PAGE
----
16 April 2022

Quick - get the bins out! A silent garbage truck is rolling through Canberra

| James Coleman
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Electric garbage truck

There won’t be the traditional warning with the electric garbage truck. Photo: Transport Canberra and City Services.

An electric garbage truck is currently rolling through Canberra’s streets as part of a trial for clean and quiet waste collection.

The roar of the truck engine in the morning might be the cue to leap out of bed and run the bins out to the end of the driveway, but residents won’t be getting so much warning from this converted Hino.

Minister for Transport and City Services Chris Steel said the government is assessing how the ACT can move to zero emissions trucks for waste collection.

READ ALSO Stamp duty exemption to extend to used EVs ‘imminently’

“Zero emissions technology has advanced significantly for heavy vehicles, and we want to be ready to bring on new waste trucks to provide cleaner, quieter waste and recycling services to the Canberra community,” he said.

“This two-week trial will provide an understanding of the features and benefits of using zero emissions technology for heavy commercial vehicles.”

Garbage collection unit

The garbage collection unit is from Bucher Municipal and the converted Hino truck from SEA Electric. Photo: Transport Canberra and City Services.

The truck started out in life as a conventional diesel-powered Hino FE 1426, but was converted to electric power by the Melbourne-based companies Bucher Municipal and SEA Electric.

Bucher Municipal provides specialist fittings and equipment for urban service vehicles across the world, while SEA Electric has made a name for itself retrofitting electric drivetrains into existing Hino vehicles.

Truck

The truck has a range of 190 km, when empty. Photo: Transport Canberra and City Services.

Bucher Municipal Regional sales manager Darren Gear described their Bucher UR11 rear loader fitted to the Hino FE chassis as “the cutting edge of EV technology”.

“Our company believes in solving challenges with key partnerships through technology and we strive to develop new equipment that meet environmental outcomes for now and into the future,” he said.

When empty, the truck has a range of 190 km. It can be charged to full within eight hours.

Electric truck in action

Doing the dirty work. Photo: Transport Canberra and City Services.

The vehicle will be based at the government’s Allara Street depot in Civic, which has already been fitted with the necessary charging infrastructure following an earlier electric tipper truck trial.

Mr Steel said tackling climate change in the ACT means electrifying private and public transport “as soon as we can”.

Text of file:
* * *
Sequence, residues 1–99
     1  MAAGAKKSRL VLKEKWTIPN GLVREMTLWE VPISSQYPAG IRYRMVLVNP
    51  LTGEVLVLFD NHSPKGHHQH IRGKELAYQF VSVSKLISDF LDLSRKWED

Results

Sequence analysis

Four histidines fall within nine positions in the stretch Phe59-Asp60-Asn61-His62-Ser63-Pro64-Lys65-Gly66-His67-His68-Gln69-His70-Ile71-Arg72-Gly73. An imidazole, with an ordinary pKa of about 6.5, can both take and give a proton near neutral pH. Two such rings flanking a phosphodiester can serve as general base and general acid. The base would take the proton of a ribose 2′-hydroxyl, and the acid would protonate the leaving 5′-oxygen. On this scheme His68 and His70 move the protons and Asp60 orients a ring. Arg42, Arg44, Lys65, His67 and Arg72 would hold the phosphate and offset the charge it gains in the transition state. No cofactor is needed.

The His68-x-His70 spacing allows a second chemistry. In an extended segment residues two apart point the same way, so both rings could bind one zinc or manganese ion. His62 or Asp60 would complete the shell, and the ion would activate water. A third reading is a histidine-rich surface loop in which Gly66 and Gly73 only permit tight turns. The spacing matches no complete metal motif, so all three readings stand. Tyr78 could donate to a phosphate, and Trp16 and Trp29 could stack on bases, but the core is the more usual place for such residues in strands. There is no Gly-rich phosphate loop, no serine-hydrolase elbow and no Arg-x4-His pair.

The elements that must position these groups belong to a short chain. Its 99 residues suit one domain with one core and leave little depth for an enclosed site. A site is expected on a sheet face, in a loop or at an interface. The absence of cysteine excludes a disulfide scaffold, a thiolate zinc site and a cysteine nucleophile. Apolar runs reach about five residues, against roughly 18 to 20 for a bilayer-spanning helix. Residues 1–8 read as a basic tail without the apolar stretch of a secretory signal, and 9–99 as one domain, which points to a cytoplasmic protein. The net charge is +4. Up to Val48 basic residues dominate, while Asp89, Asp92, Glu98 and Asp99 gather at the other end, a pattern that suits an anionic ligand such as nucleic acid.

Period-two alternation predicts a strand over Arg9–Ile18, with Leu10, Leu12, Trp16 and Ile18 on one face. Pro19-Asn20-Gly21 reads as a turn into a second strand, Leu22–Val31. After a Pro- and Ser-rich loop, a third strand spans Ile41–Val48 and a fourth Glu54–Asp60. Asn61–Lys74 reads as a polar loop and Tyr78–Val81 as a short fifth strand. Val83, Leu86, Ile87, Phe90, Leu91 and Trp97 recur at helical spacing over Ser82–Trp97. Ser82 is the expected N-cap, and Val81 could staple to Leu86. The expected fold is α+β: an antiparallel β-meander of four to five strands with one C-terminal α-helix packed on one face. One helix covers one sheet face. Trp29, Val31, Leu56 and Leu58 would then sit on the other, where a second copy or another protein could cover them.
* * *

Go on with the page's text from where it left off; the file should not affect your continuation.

“We’ve already kick-started this transition with 12 battery electric buses joining Transport Canberra’s fleet this year and a further 90 e-buses on the way.”

READ ALSO New plug-in hybrid fire truck blazes a trail for zero-emission emergency vehicles in the ACT

The ACT Emergency Services Agency (ESA) is also expected to take delivery of Australia’s first plug-in diesel-electric hybrid fire truck soon.

In November last year, Canberra’s garbage trucks were at the centre of a $19,800 deal with tech start-up Frontline Data Systems, designed to combat the rise of potholes in the suburbs.

Under the pilot program, Suez garbage trucks were equipped with cameras that scanned the road as the trucks drive along each day on their pre-assigned household collection routes. The data was then uploaded at the end of each day and fed back to Roads ACT repair crews, who could then prioritise their work schedules to ensure the most dangerous problems got fixed first.

According to Transport Canberra and City Services, the results of this trial are still being evaluated.

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Felix the Cat7:10 pm 17 Apr 22

https://www.carsguide.com.au/car-news/step-aside-ford-ranger-raptor-and-nissan-pro-4x-warrior-this-electric-truck-might-be-the

Designed for around town use, rather than the highway
Range will depend on payload and fit-out, but will mostly fall between 200 and 350km
Power and torque figures are 108kW and 1000Nm to 125kW and 1500Nm.
SEA trucks are about 2.5 times more expensive to buy. So, for a conventional four-tonne truck costing $50,000, the SEA equivalent will be closer to $125,000.
The electric motor has no gearbox and is a simple, one-moving-part deal. Crucially, the maintenance that is required involves no oil apart form a differential oil-change about every 100,000km.